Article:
A large number of studies have examined and demonstrated the positive impact of a healthy gut flora. And again and again, researchers make new findings. One example is that the risk of developing asthma increases significantly if an infant lacks specific bacteria in the gut or if these have been destroyed during the first months of his or her life.
Researchers at the University of British Columbia in Vancouver discovered that the gut flora plays a role in a child’s likelihood of developing asthma. Using data from an extensive Canadian children’s health study, the scientists looked at the analysis of stool samples and determined the makeup of the participants’ gut flora at the age of three months and at one year old. Simultaneously, they recorded which of the children were most at risk from asthma or already suffered from asthma.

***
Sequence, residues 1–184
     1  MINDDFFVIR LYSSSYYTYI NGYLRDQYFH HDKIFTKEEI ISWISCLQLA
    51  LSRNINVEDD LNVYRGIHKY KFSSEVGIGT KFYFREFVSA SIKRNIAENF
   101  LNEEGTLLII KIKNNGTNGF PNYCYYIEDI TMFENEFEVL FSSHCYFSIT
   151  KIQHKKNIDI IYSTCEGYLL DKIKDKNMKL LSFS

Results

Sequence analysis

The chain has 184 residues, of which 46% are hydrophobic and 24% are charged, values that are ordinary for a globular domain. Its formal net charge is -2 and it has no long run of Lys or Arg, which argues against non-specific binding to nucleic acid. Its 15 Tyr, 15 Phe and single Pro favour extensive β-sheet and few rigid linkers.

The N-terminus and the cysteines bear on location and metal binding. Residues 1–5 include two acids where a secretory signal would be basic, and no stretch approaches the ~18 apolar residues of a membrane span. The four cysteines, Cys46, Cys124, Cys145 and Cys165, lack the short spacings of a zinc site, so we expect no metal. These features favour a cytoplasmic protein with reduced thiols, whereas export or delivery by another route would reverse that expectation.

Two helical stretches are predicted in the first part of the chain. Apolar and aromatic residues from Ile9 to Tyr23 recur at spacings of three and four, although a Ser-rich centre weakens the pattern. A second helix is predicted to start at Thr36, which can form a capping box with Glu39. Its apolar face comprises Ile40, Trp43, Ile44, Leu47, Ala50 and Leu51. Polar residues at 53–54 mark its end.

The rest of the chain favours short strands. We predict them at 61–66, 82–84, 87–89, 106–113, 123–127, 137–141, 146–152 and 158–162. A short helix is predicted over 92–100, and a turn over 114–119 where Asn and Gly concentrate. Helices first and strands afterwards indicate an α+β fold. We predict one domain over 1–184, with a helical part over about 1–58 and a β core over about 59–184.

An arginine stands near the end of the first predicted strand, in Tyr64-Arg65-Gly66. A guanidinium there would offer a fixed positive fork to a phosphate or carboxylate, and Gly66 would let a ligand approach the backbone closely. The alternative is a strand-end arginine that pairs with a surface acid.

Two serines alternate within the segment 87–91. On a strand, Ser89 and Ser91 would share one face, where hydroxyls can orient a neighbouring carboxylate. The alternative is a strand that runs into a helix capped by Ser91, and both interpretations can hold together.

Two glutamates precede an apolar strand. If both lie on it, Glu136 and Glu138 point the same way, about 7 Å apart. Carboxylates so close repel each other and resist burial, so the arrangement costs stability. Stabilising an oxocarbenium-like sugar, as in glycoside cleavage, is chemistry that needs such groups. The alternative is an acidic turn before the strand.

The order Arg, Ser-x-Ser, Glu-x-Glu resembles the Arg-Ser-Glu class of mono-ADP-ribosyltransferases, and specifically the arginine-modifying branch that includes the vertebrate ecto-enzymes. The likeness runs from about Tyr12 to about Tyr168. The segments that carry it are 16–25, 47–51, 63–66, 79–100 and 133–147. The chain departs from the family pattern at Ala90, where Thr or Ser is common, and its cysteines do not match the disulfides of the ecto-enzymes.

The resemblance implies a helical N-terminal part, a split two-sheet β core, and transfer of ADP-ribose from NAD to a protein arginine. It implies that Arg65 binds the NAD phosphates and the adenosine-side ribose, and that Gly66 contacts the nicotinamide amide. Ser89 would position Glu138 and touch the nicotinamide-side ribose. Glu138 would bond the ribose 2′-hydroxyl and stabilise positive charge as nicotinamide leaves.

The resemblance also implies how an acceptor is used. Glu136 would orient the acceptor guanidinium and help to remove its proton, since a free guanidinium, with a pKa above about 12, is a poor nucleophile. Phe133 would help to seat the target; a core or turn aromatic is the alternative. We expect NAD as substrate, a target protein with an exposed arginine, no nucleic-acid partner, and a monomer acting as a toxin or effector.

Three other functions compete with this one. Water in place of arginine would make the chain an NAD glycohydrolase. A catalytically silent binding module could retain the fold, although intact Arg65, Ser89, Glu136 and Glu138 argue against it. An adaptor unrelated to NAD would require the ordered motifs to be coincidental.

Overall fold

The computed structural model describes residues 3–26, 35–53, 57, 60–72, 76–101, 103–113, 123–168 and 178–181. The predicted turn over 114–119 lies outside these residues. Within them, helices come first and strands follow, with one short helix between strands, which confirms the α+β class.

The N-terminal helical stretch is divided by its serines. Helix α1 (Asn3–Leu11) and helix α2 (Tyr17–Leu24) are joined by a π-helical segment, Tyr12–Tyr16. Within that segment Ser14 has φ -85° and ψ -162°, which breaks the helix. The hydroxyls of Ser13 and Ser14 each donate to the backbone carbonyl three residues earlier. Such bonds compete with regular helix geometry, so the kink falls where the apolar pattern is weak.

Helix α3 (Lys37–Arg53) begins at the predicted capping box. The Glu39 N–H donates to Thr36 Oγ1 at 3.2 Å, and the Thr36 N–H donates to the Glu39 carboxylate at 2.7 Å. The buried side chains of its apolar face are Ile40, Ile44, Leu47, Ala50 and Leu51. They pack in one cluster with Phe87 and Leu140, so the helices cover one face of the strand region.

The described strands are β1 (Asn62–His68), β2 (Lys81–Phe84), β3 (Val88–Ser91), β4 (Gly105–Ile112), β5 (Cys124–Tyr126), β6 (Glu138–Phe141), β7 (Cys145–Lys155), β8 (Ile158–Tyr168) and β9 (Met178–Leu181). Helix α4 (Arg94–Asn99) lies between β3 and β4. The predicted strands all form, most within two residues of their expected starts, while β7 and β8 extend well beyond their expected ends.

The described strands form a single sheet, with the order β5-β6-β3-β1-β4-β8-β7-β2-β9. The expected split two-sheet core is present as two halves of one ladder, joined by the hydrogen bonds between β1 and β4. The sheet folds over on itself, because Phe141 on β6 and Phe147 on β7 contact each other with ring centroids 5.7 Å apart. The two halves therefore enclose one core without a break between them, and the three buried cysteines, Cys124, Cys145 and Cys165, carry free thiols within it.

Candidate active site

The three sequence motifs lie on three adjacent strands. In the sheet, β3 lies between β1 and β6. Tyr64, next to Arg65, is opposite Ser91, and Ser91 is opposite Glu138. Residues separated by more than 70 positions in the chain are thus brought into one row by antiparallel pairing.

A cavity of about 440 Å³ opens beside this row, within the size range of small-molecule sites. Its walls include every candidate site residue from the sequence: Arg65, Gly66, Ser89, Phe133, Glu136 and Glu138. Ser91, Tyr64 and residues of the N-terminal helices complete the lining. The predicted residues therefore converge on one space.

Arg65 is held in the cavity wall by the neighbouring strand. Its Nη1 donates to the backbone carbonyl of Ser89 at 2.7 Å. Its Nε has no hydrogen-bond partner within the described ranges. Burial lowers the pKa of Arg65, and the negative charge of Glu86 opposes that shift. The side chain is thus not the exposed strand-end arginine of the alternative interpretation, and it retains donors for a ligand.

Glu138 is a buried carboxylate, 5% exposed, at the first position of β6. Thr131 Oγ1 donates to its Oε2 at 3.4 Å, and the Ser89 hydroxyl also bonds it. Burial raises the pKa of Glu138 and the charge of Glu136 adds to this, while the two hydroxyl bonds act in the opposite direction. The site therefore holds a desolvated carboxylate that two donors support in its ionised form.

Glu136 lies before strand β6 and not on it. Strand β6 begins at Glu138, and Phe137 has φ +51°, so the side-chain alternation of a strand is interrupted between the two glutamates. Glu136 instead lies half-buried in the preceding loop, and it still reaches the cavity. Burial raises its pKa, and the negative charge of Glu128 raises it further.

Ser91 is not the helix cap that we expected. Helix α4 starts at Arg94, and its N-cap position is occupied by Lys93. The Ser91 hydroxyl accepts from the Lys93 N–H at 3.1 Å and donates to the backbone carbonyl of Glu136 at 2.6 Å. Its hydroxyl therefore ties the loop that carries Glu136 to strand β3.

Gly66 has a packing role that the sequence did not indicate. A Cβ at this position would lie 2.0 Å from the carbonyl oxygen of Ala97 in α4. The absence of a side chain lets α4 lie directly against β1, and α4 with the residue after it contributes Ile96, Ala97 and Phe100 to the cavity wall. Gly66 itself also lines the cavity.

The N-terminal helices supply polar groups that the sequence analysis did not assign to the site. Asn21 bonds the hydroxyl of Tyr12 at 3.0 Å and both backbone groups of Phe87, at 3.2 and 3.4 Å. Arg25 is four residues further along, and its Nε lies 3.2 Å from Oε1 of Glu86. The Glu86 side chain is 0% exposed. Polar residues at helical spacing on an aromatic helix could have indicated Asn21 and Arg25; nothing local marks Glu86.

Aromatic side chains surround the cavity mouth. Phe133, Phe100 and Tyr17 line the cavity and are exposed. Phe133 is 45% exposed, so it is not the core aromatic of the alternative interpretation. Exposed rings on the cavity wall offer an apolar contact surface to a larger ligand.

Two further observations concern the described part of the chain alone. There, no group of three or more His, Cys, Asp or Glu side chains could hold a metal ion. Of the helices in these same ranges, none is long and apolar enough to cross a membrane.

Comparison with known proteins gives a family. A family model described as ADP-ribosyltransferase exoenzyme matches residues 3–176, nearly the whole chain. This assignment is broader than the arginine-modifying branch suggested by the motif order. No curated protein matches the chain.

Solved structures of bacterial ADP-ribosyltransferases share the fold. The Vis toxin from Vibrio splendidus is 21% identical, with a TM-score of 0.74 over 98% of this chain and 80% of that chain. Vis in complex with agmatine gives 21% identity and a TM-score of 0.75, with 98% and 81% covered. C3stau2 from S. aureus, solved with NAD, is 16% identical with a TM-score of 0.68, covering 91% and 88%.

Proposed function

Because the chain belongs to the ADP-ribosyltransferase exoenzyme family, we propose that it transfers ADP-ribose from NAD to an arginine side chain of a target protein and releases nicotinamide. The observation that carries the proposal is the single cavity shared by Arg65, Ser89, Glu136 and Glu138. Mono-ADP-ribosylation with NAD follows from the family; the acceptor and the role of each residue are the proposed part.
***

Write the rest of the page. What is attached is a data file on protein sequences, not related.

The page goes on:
The result: Children who are highly at risk from asthma or which showed an allergic response to a skin prick test had much lower amounts of bacteria of the geni Lachnospira, Veillonella, Faecalibacterium and Rothia in their gut flora at the age of three months. This outcome is in line with findings in a number of other studies which showed that children are significantly more at risk from developing allergies if they grow up in a too-clean environment with few germs and bacteria. (cf. biological blue berets for skin and body)
This demonstrates the importance of the right bacteria in the gut and it implies that even more caution is advised when treating babies and infants with antibiotics, which should really only be given in case of bacterial infections.
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